My Packing List for the Camino de Santiago

In October and November of 2015, I walked the Camino Francés, one of the traditional pilgrimage routes to the Spanish city of Santiago de Compostela. It was a deeply emotional journey, with far-reaching implications for my life, and I’m slowly but surely capturing the memories and musings here on my blog. Read the entire series at Anna’s Camino.

This is more for my benefit next time I hit the trail, but if you’re reading and would like to know what any of these items are, or what specific brands I used, please leave me a comment and I’ll do my best to get you the information.

What I brought (14.4 lbs.):

  • Backpack – Jack Wolfskin 35L
  • Pants – Running tights (2) & pajama pants (1)
  • Shirts – T-shirts (2), tank top (1), long sleeved thermal top (1)
  • Underwear – 2 pairs
  • Socks – WrightSocks (2 pairs) & compression socks (1 pair)
  • Fleece jacket
  • Buff/headband
  • Sleeping bag (ultralight)
  • Camp pillow (inflatable, ultralight)
  • Sleeping mask
  • Ear plugs (custom, molded to my ears)
  • Ultralight towel
  • Body wash (doubled as clothes detergent), shampoo, face wash, razor, face lotion, nail brush, eyeliner, travel mascara, tinted chapstick, Compeed, moleskin, Neosporin, toe tubes, Alba un-petroleum jelly, tweezers, nail clippers, 2 prescription medications, toothbrush & toothpaste)
  • Cell phone
  • iPad w/ keyboard case
  • Mifi personal satellite wireless connection device
  • Teva Tirras
  • New Balance Leadville trail runners
  • Ziplock travel space bag (compressed clothing a great deal)
  • Passport, credit card, photo ID, travel documents, pilgrim’s credencial

What I bought/was given:

  • Packable rain coat
  • Walking poles
  • New gloves (3 pairs, because I’m wasteful and kept finding new ones that I liked better)
  • Hat (promptly gave it away to someone who liked it more)
  • Scarf (my friend Natalie gave me one of hers and I wore it every day)
  • New coat (warm and waterproof, replacing both the fleece and the rain coat)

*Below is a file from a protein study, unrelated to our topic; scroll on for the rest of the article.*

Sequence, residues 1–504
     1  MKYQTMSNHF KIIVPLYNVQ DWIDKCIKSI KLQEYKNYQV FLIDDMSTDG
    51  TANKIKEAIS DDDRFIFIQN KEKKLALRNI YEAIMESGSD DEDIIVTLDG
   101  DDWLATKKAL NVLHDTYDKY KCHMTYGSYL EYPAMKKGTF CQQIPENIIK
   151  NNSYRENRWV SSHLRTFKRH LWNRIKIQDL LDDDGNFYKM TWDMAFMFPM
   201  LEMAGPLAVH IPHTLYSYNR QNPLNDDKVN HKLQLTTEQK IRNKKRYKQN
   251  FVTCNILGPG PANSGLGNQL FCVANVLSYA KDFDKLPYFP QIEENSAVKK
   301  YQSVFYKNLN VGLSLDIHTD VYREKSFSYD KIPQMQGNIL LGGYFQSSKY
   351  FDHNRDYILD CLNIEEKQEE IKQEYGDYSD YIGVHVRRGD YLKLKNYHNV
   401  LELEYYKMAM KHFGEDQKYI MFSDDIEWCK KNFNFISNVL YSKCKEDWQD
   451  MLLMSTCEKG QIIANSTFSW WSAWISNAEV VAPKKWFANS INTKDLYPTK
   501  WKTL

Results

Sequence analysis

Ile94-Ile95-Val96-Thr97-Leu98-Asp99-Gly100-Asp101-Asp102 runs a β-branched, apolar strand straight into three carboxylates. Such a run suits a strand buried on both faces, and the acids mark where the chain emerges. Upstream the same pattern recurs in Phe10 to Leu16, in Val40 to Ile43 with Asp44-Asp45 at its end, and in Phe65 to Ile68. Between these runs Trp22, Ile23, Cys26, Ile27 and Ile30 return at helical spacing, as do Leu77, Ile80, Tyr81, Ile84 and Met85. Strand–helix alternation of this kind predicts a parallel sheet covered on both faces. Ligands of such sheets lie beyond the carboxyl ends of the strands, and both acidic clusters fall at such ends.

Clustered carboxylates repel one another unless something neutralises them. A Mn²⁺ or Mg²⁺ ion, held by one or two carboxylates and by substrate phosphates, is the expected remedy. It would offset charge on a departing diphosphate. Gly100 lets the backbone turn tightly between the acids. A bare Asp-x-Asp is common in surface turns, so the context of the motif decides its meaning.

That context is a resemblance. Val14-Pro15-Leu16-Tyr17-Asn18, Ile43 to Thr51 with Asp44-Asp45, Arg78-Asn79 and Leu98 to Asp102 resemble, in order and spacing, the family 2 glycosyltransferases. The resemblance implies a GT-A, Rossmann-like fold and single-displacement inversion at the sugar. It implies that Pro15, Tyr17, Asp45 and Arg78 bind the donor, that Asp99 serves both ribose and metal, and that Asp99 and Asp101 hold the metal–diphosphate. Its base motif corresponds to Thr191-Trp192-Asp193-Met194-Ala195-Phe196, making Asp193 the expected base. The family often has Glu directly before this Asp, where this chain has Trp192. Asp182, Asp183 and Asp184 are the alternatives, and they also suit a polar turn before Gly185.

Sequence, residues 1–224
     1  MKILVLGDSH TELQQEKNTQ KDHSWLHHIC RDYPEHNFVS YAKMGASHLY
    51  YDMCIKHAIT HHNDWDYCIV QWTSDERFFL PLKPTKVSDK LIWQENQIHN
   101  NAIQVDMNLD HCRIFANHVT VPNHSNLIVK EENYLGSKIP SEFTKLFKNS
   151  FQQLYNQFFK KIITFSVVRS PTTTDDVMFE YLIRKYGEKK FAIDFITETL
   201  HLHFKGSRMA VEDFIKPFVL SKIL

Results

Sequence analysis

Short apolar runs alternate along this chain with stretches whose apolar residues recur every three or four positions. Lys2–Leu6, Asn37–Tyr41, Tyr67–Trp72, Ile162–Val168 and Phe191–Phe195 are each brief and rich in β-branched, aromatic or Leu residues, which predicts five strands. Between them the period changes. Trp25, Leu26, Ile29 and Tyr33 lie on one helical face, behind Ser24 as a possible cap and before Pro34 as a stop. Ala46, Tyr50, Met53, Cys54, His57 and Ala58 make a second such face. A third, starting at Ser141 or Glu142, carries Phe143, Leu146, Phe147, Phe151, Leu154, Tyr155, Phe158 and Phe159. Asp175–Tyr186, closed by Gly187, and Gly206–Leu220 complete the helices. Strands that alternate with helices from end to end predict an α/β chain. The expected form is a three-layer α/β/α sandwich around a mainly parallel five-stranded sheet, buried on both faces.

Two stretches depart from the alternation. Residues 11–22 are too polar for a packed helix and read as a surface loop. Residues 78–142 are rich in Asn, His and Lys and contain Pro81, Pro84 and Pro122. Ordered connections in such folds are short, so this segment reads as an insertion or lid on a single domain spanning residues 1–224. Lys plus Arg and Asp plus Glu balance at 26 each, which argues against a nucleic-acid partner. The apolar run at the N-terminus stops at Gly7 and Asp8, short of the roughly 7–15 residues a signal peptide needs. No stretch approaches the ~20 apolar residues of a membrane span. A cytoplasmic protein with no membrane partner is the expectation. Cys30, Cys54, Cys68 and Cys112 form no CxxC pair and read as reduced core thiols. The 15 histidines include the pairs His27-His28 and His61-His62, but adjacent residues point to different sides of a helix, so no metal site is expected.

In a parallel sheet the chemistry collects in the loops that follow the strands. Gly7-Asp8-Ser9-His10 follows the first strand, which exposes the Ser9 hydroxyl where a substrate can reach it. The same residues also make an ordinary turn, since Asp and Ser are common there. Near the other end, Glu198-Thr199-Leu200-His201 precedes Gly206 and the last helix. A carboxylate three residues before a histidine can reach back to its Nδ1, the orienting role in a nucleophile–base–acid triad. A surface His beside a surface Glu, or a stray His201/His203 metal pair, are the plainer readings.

• New trail runners (after the uppers on mine started to tear due to improper newspaper stuffing)
  • Health stuff (EpaPlus melatonin pills (a lifesaver), cold medicine, Ibuprofen, cream for my severely chapped lips, Voltarin for muscle pain, tampons, sunblock, alcohol & Q-tips, ice pack, heat pack, ACE bandage, compression sleeve for calf, Vaseline, homemade beeswax salve from Foncebadon)
  • 1 large rock, 2 smallish rocks, 1 piece of china, 1 pair of wooden earrings, 2 wooden necklaces
  • Clothespins!!! (I was really excited to find these in a store, and shared half the packet with Natalie.)
  • Flip flops
  • A new pilgrim’s credencial after the first filled up near Burgos

What I got rid of along the way:

  • Gloves (2 pairs)
  • Hat
  • Fleece jacket
  • Rain coat
  • Sleeping pills, cold medicine, and all of my other medicines were taken and/or passed out to people who needed them. All blister packaging and boxes was discarded immediately following purchase.
  • ACE bandage, mascara, clothespins, and 2 smallish rocks left behind on a picnic table
  • Vaseline was left behind in a donation box at Foncebadon, never opened (I decided to try the beeswax instead).
  • All paperwork, tickets, etc from every church and attraction was discarded, save for a few special pieces, like a prayer sheet from the nuns at Zabaldika.

What I plan to carry next time (assuming Oct/Nov trip):

  • Backpack – Jack Wolfskin 35L
  • Pants – Quick-drying running tights (2), preferably with compression
  • Shirts – Quick-drying t-shirts (2), Quick-drying long sleeved shirt (1)
  • Short, comfy dress that can be worn to bed as well as over tights for a night out
  • Underwear – 3 pairs
  • Socks – WrightSocks (2 pairs) & compression socks (1 pair)
  • Teva hiking sandals
  • New Balance trail runners
  • TOMS or similar lightweight casual shoes that pack flat
  • Flip flops
  • Hat
  • Gloves
  • Scarf
  • Buff/headband
  • Warm, waterproof jacket
  • Smaller ultralight towel (hand towel sized)
  • Silk sleep sack
  • Ultralight travel blanket
  • Camp pillow (inflatable, ultralight)
  • Sleeping mask
  • Ear plugs
  • Travel utensils + a good sharp knife for meat/cheese
  • Cell phone